PDC2015: Impact scenario

Note: This article concerns a hypothetical asteroid scenario. The information described in this article does not concern a real world event but is based on the practise scenario used at the PDC2015.


 

The planetary defense conference 2015 has gone through its last day this Friday, and this day was fully dedicated to the conclusion of the PDC2015 impact scenario. During the conference all the experts on planetary defence enacted a scenario in which an asteroid is on collision course with Earth. Using such a scenario the people can learn how political leaders, citizens, and the media would respond in the case of such a threat. 

 

Day 1: An asteroid threat detected

An map of day 1 of the PDC2015 impact scenario with the impact risk corridor. (Image credit: IAA; JPL. Note: Hypothetical impact scenario, no real world event.)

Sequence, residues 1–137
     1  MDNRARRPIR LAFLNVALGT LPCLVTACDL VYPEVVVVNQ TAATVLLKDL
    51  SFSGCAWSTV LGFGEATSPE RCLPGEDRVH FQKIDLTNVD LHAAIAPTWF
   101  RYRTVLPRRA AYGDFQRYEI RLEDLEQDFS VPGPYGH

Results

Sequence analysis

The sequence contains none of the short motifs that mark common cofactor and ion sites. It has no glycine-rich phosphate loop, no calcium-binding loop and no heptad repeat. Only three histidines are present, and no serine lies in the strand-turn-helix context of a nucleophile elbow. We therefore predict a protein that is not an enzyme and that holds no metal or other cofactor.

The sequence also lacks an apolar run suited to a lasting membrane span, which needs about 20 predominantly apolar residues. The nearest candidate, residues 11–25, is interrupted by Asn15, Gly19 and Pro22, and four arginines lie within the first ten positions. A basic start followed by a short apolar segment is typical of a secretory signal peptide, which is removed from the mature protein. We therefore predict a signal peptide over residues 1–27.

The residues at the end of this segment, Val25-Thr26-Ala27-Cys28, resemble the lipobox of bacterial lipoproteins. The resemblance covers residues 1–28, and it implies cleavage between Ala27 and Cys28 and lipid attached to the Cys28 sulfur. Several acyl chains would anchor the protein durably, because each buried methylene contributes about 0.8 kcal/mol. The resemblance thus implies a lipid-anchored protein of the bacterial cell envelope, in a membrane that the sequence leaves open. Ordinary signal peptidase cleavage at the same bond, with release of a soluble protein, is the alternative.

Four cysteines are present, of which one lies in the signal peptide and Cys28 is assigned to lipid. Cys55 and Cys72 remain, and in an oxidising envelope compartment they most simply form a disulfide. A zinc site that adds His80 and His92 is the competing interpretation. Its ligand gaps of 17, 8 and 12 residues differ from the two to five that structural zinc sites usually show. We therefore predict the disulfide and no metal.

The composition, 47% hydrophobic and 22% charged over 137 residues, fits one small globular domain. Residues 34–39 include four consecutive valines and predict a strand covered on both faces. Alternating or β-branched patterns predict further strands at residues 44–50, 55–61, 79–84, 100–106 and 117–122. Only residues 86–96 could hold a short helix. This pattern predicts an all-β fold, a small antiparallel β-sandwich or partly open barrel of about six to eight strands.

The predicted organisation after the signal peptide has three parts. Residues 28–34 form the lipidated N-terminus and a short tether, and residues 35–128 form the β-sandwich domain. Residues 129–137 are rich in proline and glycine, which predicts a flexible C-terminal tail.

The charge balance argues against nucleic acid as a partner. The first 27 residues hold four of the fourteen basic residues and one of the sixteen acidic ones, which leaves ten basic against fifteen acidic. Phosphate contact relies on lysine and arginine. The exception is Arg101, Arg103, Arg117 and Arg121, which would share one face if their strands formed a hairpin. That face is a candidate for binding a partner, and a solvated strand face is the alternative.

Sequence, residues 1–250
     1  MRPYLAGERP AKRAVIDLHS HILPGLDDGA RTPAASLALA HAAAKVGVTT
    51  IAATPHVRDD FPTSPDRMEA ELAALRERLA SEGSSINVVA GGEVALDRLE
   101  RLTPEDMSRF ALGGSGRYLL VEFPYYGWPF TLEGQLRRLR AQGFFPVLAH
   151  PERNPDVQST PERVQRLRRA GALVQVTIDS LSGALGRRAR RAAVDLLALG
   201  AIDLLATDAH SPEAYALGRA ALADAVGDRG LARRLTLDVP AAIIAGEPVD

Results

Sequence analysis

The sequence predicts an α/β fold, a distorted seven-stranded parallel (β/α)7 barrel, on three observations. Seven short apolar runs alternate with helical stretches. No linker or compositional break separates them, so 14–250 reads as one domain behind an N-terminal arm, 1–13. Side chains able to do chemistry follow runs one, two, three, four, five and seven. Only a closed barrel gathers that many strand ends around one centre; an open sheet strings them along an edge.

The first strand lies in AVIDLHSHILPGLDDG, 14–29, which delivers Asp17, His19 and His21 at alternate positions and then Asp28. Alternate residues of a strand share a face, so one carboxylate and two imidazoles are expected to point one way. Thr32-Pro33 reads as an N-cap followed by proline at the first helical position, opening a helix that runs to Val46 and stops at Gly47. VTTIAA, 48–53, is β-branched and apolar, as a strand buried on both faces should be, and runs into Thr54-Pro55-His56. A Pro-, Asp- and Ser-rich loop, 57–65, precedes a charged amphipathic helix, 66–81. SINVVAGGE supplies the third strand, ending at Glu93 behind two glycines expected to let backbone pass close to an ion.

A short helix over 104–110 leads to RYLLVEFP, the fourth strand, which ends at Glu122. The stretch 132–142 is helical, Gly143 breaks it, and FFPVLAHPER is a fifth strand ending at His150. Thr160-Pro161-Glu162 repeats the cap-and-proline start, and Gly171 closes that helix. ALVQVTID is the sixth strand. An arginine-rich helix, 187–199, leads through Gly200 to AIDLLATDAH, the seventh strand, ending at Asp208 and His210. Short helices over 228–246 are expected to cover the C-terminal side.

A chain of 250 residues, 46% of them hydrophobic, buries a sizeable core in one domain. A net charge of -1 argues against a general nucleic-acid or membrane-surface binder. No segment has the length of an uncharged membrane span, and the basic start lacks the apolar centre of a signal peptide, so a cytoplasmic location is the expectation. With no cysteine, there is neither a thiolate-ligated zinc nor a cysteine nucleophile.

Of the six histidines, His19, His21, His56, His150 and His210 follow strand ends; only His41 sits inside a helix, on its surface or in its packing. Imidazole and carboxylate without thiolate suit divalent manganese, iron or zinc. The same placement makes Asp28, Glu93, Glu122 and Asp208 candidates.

A map of day 1 of the PDC2015 impact scenario with the impact risk corridor. (Image credit: IAA; JPL. Note: Hypothetical impact scenario, no real world event.)

On the first day of the conference the organizing committee presented the following scenario: A Near-Earth Asteroid is predicted to pass very close to the Earth on the 3rd of September 2022. The asteroid (designated 2015 PDC) has a chance of 1 in 110 of hitting the Earth. If the Earth would be hit by the asteroid it would strike somewhere on the corridor shown in the picture: The Middle-East, across South-Asia and the Pacific would all be of risk for the impact.

To discuss this scenario the experts were split in four groups. The first group represents the world leaders of countries that are in the path of the asteroid and are thus directly under risk of an impact. The second group represents all other leaders whose countries are not under direct threat from an impact. The third group are people who are living in the countries at risks and whose homes are under risk of being hit. Finally, the fourth group represents the media and needs to estimate how the media would react on this scenario.